On the petrol/diesel podium, the Ford Ranger took the gold with 5,912 sales, the Toyota Hilux was in second place with 5,702 units sold, and the Toyota RAV4 was third with 5,517 sales. Tesla returned to the top ten of brands sold at number 10.

The current price war in the EV marketplace is benefitting BYD, though, with Tesla losing market share — currently down to 40%. Tesla has, in the past, regularly had 60% of the BEV market share. As BYD launches more models into the Australian market, expect Tesla’s market share to be eroded further. The market is eagerly awaiting the competitively priced Seagull (or Dolphin Mini — if things work out with BMW, which is claiming the rights to the name “Mini”). Tesla has also cut prices significantly; price parity is getting closer! Of course, now the headlines have changed from “Electric cars are too expensive!” to “Owner’s lament loss of value for trade-ins.” The sky is falling, it is raining cheap Teslas.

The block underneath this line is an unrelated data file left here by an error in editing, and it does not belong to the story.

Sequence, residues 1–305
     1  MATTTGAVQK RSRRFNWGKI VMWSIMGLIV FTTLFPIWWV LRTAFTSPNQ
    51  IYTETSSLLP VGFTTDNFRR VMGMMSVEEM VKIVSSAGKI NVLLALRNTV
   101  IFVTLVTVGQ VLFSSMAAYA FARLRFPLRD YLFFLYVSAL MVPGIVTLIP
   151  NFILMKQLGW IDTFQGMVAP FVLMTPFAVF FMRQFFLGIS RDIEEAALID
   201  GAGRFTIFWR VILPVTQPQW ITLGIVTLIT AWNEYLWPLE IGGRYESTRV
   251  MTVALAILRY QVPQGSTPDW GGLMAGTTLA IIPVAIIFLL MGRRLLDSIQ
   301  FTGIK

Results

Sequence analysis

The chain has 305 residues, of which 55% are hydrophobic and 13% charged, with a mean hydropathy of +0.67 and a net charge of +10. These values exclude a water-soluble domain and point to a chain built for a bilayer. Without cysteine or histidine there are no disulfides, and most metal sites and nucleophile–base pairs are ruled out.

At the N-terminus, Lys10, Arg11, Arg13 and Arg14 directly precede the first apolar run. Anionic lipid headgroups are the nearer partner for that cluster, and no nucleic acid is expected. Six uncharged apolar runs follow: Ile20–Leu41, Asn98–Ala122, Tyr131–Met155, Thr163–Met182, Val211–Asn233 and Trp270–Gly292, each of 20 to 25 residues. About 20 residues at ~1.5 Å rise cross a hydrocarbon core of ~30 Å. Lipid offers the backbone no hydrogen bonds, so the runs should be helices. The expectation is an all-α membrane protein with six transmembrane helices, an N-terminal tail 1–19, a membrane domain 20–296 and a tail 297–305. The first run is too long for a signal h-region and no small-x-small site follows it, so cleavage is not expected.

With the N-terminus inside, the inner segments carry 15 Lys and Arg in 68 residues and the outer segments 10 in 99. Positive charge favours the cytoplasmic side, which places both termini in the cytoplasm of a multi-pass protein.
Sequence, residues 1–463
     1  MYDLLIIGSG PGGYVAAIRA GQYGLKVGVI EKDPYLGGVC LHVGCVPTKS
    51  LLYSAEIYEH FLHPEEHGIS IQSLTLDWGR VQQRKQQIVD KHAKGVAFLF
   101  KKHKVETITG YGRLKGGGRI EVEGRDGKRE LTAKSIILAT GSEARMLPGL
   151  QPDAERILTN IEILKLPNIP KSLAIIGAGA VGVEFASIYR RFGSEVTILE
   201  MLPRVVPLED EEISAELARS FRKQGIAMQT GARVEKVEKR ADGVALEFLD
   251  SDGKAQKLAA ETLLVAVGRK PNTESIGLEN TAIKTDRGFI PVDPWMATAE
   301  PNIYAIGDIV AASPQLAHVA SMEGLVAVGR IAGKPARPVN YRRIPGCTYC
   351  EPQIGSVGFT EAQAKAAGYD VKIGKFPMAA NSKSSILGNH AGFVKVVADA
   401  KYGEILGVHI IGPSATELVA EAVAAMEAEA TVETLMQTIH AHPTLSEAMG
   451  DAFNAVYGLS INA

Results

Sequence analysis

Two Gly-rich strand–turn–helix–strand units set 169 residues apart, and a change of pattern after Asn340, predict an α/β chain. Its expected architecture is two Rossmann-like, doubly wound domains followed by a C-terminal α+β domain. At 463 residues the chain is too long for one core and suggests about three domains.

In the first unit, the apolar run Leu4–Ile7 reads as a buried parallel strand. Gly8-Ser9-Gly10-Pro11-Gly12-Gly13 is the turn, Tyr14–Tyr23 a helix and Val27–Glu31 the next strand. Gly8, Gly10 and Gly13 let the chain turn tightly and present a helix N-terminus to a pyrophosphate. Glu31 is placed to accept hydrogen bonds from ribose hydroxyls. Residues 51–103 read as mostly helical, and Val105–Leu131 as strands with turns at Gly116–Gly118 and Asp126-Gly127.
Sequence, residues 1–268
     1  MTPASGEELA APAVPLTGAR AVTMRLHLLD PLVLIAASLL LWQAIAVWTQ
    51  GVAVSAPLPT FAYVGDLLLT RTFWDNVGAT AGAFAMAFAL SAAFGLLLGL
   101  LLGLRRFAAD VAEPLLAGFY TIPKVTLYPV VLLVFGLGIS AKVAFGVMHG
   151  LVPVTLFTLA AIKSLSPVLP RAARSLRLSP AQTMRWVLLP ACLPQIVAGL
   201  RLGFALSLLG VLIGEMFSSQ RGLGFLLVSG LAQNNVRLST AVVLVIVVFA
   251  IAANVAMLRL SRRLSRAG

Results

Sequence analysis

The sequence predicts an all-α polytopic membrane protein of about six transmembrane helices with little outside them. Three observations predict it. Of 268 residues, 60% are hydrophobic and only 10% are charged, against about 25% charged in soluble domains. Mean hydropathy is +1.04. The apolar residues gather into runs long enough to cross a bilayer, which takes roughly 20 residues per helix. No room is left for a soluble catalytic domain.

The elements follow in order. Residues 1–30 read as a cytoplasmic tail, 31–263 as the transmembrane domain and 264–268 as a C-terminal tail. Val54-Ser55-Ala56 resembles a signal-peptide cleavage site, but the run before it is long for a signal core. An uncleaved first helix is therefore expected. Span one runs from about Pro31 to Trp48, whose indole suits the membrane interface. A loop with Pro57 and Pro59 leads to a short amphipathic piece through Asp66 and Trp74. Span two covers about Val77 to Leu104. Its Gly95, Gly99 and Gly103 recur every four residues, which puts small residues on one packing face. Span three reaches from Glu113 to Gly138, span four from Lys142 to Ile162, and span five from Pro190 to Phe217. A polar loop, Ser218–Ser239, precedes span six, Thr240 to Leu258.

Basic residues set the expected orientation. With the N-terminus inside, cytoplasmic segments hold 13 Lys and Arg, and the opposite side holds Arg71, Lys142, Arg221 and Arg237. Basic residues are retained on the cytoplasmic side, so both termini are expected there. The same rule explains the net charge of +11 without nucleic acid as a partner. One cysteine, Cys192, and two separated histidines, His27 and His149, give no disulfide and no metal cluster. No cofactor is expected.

Leapmotor (allied with Stellantis, the parent company of Fiat-Chrysler and Peugeot-Citroen) and Xpeng are expected to launch cars into the Australian market later this year. Leapmotor has announced that it will bring in a small city car (TO3) and an SUV (C10) to bring some competition to Great Wall, MG, and BYD. They don’t mention competing with Tesla, but I am sure that they will. The Leapmotor TO3 is half the price of Australia’s cheapest EV at present, the GWM Ora, and about the same size as the Kia Picanto. However, some upgrades will be necessary to meet Australia’s stringent safety regulations. Stellantis expects to launch four more models into the market by 2027.